Monday, March 02, 2009

metaDRAMA: Affiliation?

Producer Ken Davenport's got an interesting post up today about his new affiliates program for Altar Boyz--interesting, that is, because he's not the only person to start planning one of these. Chicago sent out some e-mails this weekend looking to recruit some razzling, dazzling shills. (As of now, I still refuse to post advertisements on this site, though I am always happy to run discounts for shows that I have seen or believe, based on past experience, are worth it.)

I said as much in the comment I left there, but I thought I'd broaden up the discussion to those who actually deal with marketing their shows in the off-off-Broadway community (or to those avid theatergoers who have to deal with constant e-blasts, coupons, and pop-up links). It's my personal belief that affiliate programs are bad, for they encourage positive reviews, corrupting underpaid critics (or newspapers) that see this as a perfectly acceptable form of income. After all, they might think, let the buyer beware.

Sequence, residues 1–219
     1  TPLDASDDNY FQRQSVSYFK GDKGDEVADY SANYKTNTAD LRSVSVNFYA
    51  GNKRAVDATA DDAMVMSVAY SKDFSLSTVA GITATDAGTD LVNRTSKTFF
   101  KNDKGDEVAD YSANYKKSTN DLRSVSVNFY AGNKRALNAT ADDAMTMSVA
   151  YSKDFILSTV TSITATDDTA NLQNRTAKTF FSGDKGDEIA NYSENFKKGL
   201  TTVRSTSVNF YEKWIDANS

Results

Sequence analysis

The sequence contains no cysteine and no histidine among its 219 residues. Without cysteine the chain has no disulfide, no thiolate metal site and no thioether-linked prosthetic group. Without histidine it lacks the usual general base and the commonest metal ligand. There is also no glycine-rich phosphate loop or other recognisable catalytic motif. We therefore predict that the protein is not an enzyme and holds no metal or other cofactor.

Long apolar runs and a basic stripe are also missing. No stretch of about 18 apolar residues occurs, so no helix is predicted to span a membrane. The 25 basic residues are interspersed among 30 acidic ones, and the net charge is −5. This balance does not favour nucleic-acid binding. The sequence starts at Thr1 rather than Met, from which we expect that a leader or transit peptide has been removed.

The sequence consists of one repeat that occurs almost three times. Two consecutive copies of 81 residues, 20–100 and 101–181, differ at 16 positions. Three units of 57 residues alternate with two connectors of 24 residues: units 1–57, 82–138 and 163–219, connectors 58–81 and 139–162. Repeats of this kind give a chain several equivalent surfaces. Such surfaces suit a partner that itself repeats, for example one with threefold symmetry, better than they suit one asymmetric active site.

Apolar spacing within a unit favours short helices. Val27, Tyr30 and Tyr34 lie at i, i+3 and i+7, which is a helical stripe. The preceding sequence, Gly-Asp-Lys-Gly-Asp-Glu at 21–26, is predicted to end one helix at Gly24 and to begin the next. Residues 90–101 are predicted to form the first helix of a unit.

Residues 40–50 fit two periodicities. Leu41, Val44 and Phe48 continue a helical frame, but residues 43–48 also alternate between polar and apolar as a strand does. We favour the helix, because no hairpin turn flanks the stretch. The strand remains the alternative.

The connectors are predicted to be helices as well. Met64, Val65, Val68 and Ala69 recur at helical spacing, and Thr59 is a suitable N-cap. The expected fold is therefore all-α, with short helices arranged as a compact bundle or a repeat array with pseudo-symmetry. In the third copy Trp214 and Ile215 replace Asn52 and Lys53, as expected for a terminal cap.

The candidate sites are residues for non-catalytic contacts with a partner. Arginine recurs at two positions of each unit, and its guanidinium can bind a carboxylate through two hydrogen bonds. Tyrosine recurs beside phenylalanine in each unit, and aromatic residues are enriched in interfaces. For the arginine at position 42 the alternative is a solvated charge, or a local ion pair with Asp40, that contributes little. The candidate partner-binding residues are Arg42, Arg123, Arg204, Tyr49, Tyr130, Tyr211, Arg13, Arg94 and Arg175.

If it were just a critic's personal credibility at stake, that'd be fine, but this whole process seems to be eroding criticism in general. After all, it becomes harder and harder to tell if a person is actually writing what they think or if they have been biased when such marketing schemes exist to continually cast opinions--fragile enough as they are--in doubt. Worse still is the effect agglomerates may have (like Critic-O-Meter) if the majority of critics are skewing the grade, causing the few "honest" ones to become outliers--or perceived as liars, soon to be out of a job. This last bit is one hell of an exaggeration--we're nowhere near that point (at least, not with the off-off-Broadway critics like Zinoman, Shaw, &c.)--but it does seem, a little frighteningly so, like where we're headed.